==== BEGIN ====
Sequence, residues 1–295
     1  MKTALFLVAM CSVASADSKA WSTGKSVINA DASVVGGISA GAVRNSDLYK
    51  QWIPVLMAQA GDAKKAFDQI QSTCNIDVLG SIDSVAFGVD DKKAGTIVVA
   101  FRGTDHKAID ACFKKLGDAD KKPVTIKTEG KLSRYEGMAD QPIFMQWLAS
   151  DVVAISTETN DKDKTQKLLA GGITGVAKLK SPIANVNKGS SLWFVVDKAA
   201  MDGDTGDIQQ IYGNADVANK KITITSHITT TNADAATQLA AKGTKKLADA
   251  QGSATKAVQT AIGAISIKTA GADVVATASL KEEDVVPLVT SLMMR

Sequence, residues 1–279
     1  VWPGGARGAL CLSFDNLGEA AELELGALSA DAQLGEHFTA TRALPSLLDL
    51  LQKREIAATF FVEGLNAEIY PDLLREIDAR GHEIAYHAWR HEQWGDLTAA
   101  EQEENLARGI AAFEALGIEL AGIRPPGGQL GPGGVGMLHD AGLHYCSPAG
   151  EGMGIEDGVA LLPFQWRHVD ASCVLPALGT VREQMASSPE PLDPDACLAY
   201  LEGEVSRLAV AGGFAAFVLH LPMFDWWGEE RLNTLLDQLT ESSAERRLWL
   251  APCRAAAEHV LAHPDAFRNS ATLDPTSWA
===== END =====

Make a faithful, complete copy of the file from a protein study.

Sequence, residues 1–295
     1  MKTALFLVAM CSVASADSKA WSTGKSVINA DASVVGGISA GAVRNSDLYK
    51  QWIPVLMAQA GDAKKAFDQI QSTCNIDVLG SIDSVAFGVD DKKAGTIVVA
   101  FRGTDHKAID ACFKKLGDAD KKPVTIKTEG KLSRYEGMAD QPIFMQWLAS
   151  DVVAISTETN DKDKTQKLLA GGITGVAKLK SPIANVNKGS SLWFVVDKAA
   201  MDGDTGDIQQ IYGNADVANK KITITSHITT TNADAATQLA AKGTKKLADA
   251  QGSATKAVQT AIGAISIKTA GADVVATASL KEEDVVPLVT SLMMR

Sequence, residues 1–279
     1  VWPGGARGAL CLSFDNLGEA AELELGALSA DAQLGEHFTA TRALPSLLDL
    51  LQKREIAATF FVEGLNAEIY PDLLREIDAR GHEIAYHAWR HEQWGDLTAA
   101  EQEENLARGI AAFEALGIEL AGIRPPGGQL GPGGVGMLHD AGLHYCSPAG
   151  EGMGIEDGVA LLPFQWRHVD ASCVLPALGT VREQMASSPE PLDPDACLAY
   201  LEGEVSRLAV AGGFAAFVLH LPMFDWWGEE RLNTLLDQLT ESSAERRLWL
   251  APCRAAAEHV LAHPDAFRNS ATLDPTSWA